As India develops, the lines between its villages, towns, and cities are becoming blurred. This has important implications for policy and planning, writes Charrlotte Adelina.
We are purportedly living in the ‘urban age’ without agreeing on what the ‘urban’ is in India. First, the extent of the ‘urban’ India is under-estimated based on a stringent definition. Second, what is governed as urban is different from what is counted as or planned as urban. Finally, there are complex inter-dependencies between cities and their surrounding regions, known as the ‘peri-urban’ regions, which are not captured by the simplistic urban-rural dichotomy.
These problems are crucial to policy-making in India, where various schemes and funding function on these terms and hinge upon these very definitions.
According to the 2011 Census, 31 per cent of India’s population is urban, consisting of 4,041 Statutory Towns (STs) and 3,894 Census Towns (CTs). The STs are defined as areas being governed by an urban local body, be it the Municipal Corporations, Municipalities or Town Panchayats.
Census Towns, on the other hand, are recognised as urban for their urban-like features, demographic and employment characteristics. The three criteria are size (population of at least 5,000), density (at least 400 persons per square kilometre), and the non-farm nature of the workforce (at least 75 per cent of males work in the non-farm sector).
This definition of urban CTs in India is extremely stringent. Most countries usually use only one or two of these criteria to identify the urban. In addition, the bar for the workforce and population criteria in India is set much higher when compared to most other countries.
Various estimates show that India is anywhere between 40 and 70 per cent urbanised if these criteria were relaxed. This implies that the projection of becoming 60 per cent urban by 2050 could well be an under-estimate. This is crucial, as policies and solutions for tackling urban challenges or providing rural welfare are targeted based on these estimates.
It is the state governments that decide the administrative status of settlements and the setting up of urban local bodies in CTs could be arbitrary. Census Towns that have urban characteristics will not be planned or governed as such, even if they are a part of an Urban Agglomeration.
For example, Chattarpur as a Census Town will not have a ward council or receive municipal budget allocations, even though it is recognised as part of the contiguous National Capital Territory of Delhi agglomeration and has urban-like demographics.
The reclassification of villages into Census Towns accounted for almost 30 per cent of the urban growth in the last decade as per the Census. This is described as “unacknowledged urbanisation” given the fact that the number of CTs almost tripled between 2001 and 2011, while the number of STs increased only ever so slightly. These CTs are governed as rural, their slums are not enumerated and are ineligible for urban schemes.
Simply put, this results in a vast difference between what is governed as urban and what is counted as urban.
As peace is defined by the absence of war, so the rural is defined by the absence of the urban. This kind of simplistic categorisation undermines the realities of complex spaces such as the urban villages, peri-urban regions, satellite towns and other settlements along industrial corridors.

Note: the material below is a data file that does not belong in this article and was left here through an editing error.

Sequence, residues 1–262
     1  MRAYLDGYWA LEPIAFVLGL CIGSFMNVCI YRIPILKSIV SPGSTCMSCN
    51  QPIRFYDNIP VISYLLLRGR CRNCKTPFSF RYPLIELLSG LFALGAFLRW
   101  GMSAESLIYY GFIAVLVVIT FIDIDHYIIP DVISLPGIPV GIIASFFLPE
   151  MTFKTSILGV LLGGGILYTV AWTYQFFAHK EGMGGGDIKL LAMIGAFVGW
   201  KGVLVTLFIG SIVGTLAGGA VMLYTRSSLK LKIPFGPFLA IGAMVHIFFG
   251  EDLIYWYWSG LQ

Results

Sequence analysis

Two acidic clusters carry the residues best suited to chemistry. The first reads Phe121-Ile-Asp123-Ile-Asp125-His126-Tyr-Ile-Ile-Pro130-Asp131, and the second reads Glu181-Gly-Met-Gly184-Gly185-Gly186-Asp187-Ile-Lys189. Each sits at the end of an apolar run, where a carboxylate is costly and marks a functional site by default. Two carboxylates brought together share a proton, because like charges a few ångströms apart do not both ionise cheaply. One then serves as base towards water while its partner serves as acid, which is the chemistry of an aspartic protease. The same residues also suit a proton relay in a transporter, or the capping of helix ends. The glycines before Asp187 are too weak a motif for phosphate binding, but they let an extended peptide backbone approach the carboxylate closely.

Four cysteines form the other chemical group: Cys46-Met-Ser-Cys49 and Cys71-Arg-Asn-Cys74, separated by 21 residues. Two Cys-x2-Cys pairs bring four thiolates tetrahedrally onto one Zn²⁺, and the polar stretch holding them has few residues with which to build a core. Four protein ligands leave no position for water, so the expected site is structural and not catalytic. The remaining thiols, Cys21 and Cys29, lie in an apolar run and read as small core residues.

Academia has been quick to deconstruct the false dichotomy of urban versus rural. Aromar Revi has argued that in growing countries like India understanding the interdependencies, flows and overlaps between the urban and the rural is important to frame inclusive development trajectories.
For instance, urban sprawl in Chennai plays an important role in the development of the Sriperumbudur industrial corridor, which in turn affects the employment pattern and land-use of Oragadam, a village about 60 kilometres from the city.
Demographic, occupational and commuting patterns, pollution, and real estate dynamics, are a few of the positive and negative externalities of urbanisation in which the deep and complex interplay between the city and its peripheral regions play out. In many theories and policies, however, the rural and urban are posed as two ends of a continuous spectrum, where the rural evolves along a linear continuum to reach the end goal of becoming ‘urban’.
Sociologists Christian Schmid and Neil Brenner reject such conceptualisations as dualisms or even the idea of a continuum. They argue that urbanisation is a “planetary” phenomenon impacting the entire world in “variegated and uneven ways”. Though there are criticisms of this approach, understanding the dynamic and varied socio-economic features in different spaces helps us offer grounded policies that go beyond the urban/rural opposition.
Policies and schemes should acknowledge that definitions, at best, help us understand and simplify the world. They are useful cognitive maps, but not sacrosanct self-evident entities.
We need to refine our definitions to capture and adapt to the fast-changing, urbanising landscape in India, while at the same time strengthening our state governments’ capabilities to establish urban local bodies in Census Towns.
In addition, while certain policy issues are distinctly ‘urban’ due to the concentration of population, risks and opportunities, a balanced and complementary approach for certain policy problems could be regional. This would entail pursuing a model of development that is non-normative, grounded and pluralistic; one which taps into the local opportunities and challenges, notwithstanding the walls that we have built around our cities.
This article represents only the personal views of the author.